Skrooge’s most distinctive feature is the way it can import so many formats used by various banks. It’s KDE-based and will also run on Mac, although it may not run with Windows if you’re thinking about using it across multiple computers. Otherwise, your data can move pretty effortlessly across multiple devices. Skrooge also lends itself to more professional uses, so it can handle many small business needs. The undo/redo feature allows you to change your mind if something isn’t working properly. Skrooge works with multiple currencies and its reporting features even include videos.
Best for Managing Subscriptions: Clarity Money. Clarity Money. Courtesy of Clarity Money. More and more companies are moving to subscription models. In the process, it’s easy to lose track of subscriptions you’ve signed up for. Clarity Money aims to help you stop throwing away on unused subscriptions by helping you uncover and cancel subscriptions you’re not using. On top of getting rid of extra subscriptions, the app analyzes your spending behavior and gives you recommendations to improve your financial health. Clarity Money allows you to make regular savings deposits and attach a goal to your savings. You can even create several savings funds with different goals. Your savings deposits are helped at an FDIC-insured bank and are insured up to $250,000. Stay on track with your monthly budget by showing how much you’ve already spent – provided you’ve linked your debit and credit cards. You’ll also get access to your free VantageScore credit score by Experian.
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Moneydance for Linux offers several impressive features, including multiple currency support, currency rate updates, an organized home page, and backup to Dropbox. Easy-to-install extensions are available to enhance many of these features. Like most good personal finance software, Moneydance has online banking capabilities. It features graphs, reports, and a nice summary page to give you a visual feel for where your finances stand. You can use it to set up payment schedules for recurring or one-time transactions. You can also get a Moneydance app for your iPhone if you want to keep your budget with you at all times.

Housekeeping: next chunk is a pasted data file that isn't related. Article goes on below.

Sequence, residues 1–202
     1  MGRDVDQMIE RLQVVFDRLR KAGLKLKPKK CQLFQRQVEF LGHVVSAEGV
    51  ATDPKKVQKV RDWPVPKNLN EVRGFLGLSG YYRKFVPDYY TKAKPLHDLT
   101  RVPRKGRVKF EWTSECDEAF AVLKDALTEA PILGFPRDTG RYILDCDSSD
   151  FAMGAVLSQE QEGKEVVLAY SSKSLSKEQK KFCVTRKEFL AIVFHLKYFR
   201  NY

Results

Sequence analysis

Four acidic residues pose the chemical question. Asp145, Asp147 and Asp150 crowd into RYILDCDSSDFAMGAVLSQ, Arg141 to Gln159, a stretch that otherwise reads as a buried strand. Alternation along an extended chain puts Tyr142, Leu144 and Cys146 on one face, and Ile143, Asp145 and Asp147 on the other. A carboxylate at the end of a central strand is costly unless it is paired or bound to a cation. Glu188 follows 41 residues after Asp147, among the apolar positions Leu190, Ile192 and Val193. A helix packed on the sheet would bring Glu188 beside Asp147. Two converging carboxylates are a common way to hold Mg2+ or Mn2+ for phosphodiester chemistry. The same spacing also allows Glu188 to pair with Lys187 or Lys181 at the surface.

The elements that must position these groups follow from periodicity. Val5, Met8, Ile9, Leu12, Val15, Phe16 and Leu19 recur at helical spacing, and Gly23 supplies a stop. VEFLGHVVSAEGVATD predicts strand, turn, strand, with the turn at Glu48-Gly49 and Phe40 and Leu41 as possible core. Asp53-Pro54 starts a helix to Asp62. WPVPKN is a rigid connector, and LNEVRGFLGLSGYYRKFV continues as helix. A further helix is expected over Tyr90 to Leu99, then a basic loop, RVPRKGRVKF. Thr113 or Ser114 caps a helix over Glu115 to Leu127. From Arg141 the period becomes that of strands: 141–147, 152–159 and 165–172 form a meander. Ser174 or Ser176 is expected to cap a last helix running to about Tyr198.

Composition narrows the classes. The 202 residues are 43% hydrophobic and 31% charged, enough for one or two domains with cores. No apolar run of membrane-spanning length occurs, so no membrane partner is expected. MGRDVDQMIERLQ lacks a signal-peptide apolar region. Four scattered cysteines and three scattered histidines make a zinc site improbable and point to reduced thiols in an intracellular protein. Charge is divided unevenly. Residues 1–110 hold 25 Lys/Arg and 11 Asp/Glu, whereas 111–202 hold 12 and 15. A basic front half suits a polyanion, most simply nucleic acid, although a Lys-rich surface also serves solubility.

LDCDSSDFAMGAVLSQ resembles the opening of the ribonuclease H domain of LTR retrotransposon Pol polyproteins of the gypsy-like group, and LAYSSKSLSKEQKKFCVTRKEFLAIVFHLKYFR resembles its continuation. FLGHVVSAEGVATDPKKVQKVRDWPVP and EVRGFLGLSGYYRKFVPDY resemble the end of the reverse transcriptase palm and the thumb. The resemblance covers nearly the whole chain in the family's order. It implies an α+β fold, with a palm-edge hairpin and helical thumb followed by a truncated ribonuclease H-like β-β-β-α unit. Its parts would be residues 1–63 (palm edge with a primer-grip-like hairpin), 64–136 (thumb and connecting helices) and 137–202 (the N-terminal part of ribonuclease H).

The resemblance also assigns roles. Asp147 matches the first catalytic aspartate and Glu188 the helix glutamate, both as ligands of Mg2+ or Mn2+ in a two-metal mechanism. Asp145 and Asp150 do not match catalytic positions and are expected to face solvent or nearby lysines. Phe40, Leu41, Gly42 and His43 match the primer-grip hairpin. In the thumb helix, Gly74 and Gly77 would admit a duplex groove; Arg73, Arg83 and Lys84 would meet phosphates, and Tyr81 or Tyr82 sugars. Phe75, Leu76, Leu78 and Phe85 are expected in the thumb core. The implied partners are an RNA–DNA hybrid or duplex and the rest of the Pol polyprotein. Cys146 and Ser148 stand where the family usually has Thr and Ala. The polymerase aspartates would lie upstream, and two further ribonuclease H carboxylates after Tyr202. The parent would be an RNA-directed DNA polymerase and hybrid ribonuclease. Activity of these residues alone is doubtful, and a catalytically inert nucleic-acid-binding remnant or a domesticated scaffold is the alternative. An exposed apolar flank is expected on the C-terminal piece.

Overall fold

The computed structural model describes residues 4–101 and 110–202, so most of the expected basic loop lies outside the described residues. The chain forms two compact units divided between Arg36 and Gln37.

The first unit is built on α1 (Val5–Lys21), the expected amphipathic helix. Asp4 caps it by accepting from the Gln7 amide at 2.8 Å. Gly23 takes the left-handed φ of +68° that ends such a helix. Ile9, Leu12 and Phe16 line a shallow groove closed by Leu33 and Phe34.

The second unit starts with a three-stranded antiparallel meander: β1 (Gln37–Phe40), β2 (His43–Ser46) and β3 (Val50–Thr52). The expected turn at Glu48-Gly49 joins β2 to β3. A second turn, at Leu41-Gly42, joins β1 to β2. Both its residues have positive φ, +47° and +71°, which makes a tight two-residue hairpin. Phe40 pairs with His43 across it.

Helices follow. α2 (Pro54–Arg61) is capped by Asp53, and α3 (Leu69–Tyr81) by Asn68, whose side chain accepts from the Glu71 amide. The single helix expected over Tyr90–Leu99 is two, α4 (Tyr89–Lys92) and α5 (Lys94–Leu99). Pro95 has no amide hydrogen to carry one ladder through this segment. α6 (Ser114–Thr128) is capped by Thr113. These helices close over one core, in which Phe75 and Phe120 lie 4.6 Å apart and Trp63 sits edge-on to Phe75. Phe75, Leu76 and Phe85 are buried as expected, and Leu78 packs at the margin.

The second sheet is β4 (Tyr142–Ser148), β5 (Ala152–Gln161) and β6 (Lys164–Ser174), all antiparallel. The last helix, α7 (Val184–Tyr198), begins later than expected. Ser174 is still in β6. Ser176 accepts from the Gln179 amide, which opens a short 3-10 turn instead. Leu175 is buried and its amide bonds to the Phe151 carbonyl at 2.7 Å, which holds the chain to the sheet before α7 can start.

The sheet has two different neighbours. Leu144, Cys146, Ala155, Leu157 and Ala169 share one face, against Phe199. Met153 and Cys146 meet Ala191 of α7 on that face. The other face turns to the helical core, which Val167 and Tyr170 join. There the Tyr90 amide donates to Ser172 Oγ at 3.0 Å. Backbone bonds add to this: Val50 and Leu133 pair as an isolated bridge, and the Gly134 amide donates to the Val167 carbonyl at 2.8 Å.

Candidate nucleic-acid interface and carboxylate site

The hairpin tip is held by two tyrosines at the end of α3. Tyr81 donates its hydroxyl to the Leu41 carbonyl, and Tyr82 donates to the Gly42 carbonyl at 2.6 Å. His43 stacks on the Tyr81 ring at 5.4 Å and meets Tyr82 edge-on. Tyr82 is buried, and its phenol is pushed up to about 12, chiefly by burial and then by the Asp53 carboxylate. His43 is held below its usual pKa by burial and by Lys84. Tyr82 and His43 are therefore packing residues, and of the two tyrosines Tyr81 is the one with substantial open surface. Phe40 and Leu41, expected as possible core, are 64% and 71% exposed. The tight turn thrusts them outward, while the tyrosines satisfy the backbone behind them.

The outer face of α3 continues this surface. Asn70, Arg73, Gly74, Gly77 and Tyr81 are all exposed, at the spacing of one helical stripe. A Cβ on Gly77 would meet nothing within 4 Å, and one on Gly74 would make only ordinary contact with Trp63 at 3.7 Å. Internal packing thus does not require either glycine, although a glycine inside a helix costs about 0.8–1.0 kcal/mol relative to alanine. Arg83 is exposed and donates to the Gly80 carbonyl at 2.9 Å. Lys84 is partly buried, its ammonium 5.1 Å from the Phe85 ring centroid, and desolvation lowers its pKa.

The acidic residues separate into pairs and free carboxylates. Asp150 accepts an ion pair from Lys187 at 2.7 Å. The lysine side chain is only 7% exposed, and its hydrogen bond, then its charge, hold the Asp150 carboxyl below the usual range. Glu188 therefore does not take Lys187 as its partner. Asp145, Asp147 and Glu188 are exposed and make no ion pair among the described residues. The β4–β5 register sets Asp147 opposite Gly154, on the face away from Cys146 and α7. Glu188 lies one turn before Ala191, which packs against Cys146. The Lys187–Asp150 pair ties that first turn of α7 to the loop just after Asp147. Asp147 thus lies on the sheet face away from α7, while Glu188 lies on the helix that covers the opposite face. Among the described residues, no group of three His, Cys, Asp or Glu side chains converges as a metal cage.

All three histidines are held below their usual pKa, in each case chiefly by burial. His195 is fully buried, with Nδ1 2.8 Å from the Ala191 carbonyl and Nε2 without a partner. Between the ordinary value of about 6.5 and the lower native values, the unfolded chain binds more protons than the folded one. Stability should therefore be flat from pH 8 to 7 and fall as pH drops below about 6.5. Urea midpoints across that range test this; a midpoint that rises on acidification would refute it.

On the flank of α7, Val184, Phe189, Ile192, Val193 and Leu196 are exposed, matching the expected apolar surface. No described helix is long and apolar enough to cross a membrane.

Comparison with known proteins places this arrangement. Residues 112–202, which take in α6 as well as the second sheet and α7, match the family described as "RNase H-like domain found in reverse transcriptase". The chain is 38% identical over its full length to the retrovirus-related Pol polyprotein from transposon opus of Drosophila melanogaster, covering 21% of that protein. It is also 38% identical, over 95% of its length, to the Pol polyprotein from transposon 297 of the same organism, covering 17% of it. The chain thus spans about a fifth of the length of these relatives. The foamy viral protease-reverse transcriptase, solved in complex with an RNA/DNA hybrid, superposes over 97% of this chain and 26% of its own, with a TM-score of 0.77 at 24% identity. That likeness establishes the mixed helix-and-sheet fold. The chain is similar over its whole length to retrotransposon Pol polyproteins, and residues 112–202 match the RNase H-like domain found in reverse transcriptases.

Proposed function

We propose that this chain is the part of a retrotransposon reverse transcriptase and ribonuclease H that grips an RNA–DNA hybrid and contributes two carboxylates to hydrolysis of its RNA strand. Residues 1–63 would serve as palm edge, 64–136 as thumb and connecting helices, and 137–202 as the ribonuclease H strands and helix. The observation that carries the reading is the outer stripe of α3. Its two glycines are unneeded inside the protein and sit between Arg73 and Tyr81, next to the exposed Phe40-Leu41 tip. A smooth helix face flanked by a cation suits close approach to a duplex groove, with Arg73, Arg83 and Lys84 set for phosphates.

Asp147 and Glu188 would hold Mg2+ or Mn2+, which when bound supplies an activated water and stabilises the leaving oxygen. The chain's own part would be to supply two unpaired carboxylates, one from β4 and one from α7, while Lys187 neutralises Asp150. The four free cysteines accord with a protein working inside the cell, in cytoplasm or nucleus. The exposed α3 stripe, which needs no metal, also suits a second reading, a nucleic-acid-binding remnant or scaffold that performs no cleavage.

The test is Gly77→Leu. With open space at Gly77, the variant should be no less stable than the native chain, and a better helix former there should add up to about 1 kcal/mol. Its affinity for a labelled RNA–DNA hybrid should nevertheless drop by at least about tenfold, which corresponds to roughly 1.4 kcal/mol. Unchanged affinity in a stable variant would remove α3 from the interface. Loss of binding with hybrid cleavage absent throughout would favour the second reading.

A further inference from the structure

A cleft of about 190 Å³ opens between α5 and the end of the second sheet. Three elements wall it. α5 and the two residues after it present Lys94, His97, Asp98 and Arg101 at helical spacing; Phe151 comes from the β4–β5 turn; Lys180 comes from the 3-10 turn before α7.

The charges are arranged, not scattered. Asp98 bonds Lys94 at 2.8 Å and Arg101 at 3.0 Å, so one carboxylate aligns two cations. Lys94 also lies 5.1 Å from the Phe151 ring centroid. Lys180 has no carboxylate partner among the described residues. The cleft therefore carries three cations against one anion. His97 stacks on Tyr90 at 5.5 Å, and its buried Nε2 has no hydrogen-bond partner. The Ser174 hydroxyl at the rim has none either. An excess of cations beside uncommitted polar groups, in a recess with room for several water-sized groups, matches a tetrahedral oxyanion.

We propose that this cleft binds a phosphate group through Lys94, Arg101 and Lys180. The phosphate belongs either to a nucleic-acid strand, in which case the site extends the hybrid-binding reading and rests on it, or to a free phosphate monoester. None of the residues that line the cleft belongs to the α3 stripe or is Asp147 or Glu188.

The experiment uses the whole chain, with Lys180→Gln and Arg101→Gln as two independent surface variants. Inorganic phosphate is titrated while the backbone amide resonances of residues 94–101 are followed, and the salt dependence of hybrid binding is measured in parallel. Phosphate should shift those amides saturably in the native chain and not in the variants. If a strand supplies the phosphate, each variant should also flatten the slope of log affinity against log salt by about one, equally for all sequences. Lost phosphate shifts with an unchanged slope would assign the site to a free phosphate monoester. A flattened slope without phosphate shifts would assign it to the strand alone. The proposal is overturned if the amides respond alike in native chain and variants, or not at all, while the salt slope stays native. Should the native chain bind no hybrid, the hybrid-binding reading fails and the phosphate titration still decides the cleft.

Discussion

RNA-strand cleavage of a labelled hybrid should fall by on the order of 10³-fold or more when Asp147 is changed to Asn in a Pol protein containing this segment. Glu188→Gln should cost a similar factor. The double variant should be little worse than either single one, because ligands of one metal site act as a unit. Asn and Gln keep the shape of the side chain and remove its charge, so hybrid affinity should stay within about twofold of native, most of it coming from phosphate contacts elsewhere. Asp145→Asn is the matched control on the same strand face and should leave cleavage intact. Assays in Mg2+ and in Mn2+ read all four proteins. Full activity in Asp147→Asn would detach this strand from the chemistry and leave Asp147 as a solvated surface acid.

KMyMoney supports investment accounts and can retrieve online stock quotes. Personal finance reports can be configured in a number of ways, and KMyMoney widgets can be installed to add further functionality, such as a pop-up calculator and date selection calendar. The interface looks clean, and it’s easy to navigate and less dated than some of the other personal finance options for Linux. There’s even a nifty account setup wizard. KMyMoney’s online user manual is an excellent resource that takes you step-by-step through all of its features. They’re not as numerous as those offered by GNUCash—it doesn’t have a classification function, for example—but if you don’t need all of those features, why pay for them?
Where to Find Your Finance Charge. You’ll see your finance charge listed in several places on your monthly credit card billing statement. On the first page of your billing statement, you’ll see an account summary listing your balance, payments, credits, purchases, and the finance charge, which may also be referred to as an ”interest charge.” In the breakout of transactions made on your account during the billing cycle, you’ll see a line item for your finance charge and the date the finance charge was assessed.